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Revascularization in ischaemic heart failure with preserved ejection fraction: a nationwide cohort study

Research output: Contribution to journalArticlepeer-review

Salil V. Deo, Yogesh N.V. Reddy, Rosita Zakeri, Mohamad Karnib, Padmini Selvaganesan, Yakov Elgudin, Ahmet Kilic, Joseph Rubelowsky, Salah E. Altarabsheh, Mohammed N. Osman, Richard A. Josephson, Sri Krishna Madan Mohan, Brian Cmolik, Daniel I. Simon, Sanjay Rajagopalan, John G.F. Cleland, Jayakumar Sahadevan, Varun Sundaram

Original languageEnglish
Pages (from-to)1427-1438
Number of pages12
Issue number8
Early online date10 Mar 2022
Accepted/In press31 Jan 2022
E-pub ahead of print10 Mar 2022
PublishedAug 2022

Bibliographical note

Publisher Copyright: © 2022 European Society of Cardiology.

King's Authors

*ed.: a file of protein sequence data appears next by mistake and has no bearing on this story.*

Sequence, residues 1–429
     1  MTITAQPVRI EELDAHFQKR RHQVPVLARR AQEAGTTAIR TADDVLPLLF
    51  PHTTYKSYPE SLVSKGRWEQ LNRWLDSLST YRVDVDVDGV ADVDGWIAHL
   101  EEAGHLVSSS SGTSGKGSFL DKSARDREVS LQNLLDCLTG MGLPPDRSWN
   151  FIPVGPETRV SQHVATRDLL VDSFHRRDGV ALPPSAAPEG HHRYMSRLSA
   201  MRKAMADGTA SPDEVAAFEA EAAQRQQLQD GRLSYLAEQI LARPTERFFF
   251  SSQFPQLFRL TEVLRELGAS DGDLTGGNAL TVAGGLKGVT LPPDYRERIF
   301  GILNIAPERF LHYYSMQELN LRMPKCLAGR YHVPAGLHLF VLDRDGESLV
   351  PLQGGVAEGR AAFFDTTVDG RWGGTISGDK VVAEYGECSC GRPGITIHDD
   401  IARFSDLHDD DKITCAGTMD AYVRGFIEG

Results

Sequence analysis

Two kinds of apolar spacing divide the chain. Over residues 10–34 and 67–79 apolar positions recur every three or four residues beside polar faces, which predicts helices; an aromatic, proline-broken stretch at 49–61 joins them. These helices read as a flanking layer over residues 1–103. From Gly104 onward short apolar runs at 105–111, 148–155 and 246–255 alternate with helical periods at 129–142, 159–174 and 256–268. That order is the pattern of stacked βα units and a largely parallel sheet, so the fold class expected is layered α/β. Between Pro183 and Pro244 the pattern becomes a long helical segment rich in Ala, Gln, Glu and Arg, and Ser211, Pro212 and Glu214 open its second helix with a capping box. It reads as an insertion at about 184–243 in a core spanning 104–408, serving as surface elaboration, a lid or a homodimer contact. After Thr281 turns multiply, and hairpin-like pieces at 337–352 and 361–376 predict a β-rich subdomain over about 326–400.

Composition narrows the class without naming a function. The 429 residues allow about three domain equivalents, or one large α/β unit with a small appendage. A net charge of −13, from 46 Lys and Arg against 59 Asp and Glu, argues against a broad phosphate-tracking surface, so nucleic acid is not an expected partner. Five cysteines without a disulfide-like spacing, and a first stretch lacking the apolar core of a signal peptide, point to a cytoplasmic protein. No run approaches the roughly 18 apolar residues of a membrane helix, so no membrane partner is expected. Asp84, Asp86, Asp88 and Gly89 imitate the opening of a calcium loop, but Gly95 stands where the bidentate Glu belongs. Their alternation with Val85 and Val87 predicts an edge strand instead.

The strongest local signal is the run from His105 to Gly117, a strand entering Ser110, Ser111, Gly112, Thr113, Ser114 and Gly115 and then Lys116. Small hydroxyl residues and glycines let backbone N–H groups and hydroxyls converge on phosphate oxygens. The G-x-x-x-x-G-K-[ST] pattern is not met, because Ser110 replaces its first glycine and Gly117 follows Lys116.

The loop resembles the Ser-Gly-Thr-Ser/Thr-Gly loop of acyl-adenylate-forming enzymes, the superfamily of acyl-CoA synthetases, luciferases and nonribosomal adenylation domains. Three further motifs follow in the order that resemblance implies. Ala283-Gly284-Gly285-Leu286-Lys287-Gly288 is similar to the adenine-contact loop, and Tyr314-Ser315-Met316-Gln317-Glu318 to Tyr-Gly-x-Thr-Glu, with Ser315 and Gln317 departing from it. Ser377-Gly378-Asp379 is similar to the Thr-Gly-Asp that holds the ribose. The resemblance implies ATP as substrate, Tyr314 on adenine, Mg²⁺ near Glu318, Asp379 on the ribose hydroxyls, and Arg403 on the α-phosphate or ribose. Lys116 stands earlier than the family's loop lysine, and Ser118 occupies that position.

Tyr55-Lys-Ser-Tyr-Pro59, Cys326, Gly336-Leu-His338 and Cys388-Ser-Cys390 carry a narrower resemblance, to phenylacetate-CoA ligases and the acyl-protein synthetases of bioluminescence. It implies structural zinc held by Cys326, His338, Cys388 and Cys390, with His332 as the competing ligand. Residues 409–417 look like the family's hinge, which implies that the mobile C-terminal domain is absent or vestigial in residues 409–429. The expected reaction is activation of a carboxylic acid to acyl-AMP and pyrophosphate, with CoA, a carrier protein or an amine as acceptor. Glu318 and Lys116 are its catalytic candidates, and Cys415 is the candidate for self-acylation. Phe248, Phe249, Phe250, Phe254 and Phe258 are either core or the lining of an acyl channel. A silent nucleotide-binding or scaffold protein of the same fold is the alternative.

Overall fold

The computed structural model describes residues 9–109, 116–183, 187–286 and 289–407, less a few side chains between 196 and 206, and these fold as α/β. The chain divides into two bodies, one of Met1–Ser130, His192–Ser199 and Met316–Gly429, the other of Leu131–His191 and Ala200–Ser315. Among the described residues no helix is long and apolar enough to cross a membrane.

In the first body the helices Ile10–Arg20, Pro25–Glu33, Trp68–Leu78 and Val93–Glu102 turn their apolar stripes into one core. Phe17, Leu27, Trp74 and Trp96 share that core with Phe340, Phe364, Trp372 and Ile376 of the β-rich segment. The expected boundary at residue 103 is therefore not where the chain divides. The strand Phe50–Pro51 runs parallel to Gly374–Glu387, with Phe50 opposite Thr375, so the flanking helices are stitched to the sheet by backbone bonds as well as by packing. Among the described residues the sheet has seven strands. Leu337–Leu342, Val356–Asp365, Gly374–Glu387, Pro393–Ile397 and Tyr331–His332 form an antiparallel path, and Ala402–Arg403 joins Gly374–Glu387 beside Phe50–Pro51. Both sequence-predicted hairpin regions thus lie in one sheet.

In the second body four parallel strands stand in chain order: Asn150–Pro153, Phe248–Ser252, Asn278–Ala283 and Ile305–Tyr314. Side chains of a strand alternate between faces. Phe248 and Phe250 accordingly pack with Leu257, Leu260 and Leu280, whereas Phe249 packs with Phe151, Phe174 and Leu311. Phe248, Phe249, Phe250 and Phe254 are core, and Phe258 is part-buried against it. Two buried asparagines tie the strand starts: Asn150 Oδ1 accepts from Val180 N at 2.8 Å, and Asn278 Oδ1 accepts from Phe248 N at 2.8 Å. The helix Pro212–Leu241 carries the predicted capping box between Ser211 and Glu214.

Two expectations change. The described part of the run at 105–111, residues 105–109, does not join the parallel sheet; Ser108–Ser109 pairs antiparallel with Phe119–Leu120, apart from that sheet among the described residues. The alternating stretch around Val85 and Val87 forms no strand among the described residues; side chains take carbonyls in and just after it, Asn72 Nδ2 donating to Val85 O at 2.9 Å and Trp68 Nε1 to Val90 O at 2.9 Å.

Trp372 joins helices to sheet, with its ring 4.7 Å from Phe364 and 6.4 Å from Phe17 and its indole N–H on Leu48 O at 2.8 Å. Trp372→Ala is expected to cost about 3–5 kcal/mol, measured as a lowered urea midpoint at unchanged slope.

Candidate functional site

Aims: Despite the common occurrence of coronary artery disease (CAD) and heart failure (HF) with preserved ejection fraction (HFpEF), there is limited evidence to guide revascularization. Methods and Results: We investigated the long-term outcomes of coronary artery bypass grafting (CABG) in patients with HF and significant CAD across the spectrum of ejection fraction, using a large national cohort of patients from the Veteran Affairs (VA) Medical Centers in the US. Patients with HF were stratified into groups, HFpEF, HF with mid-range ejection fraction (HFmrEF), and HF with reduced ejection fraction (HFrEF) and compared to patients with no preoperative HF. We analysed 10 396 patients. Despite an increased hazard in the first year following revascularization, the long-term survival (median follow-up 6.6 years; interquartile range 3.7–10.1) of HFpEF post-CABG was similar to controls (hazard ratio 0.85, 95% confidence interval 0.68-1.06), but survival progressively declined with HFmrEF and HFrEF. Similar trends were seen with recurrent HF hospitalization with lower risk with baseline HFpEF (43.9 ± 6.9/100 patient-years) compared to HFmrEF (65.9 ± 3.8/100 patient-years) and HFrEF (93.4 ± 4.8/100 patient-years). Although HFpEF patients had lower mortality and HF hospitalization post-CABG compared to patients with a lower ejection fraction, they experienced the highest rates of future myocardial infarction. Conclusion: Although HFpEF patients with CAD have greater short-term risk post-CABG, their long-term survival is comparable to controls. However, they are at increased risk for HF hospitalizations and myocardial infarction. These data support the safety of CABG in HFpEF patients and suggest continuum of mortality risk for ischaemic HF when stratified by baseline ejection fraction before revascularization.

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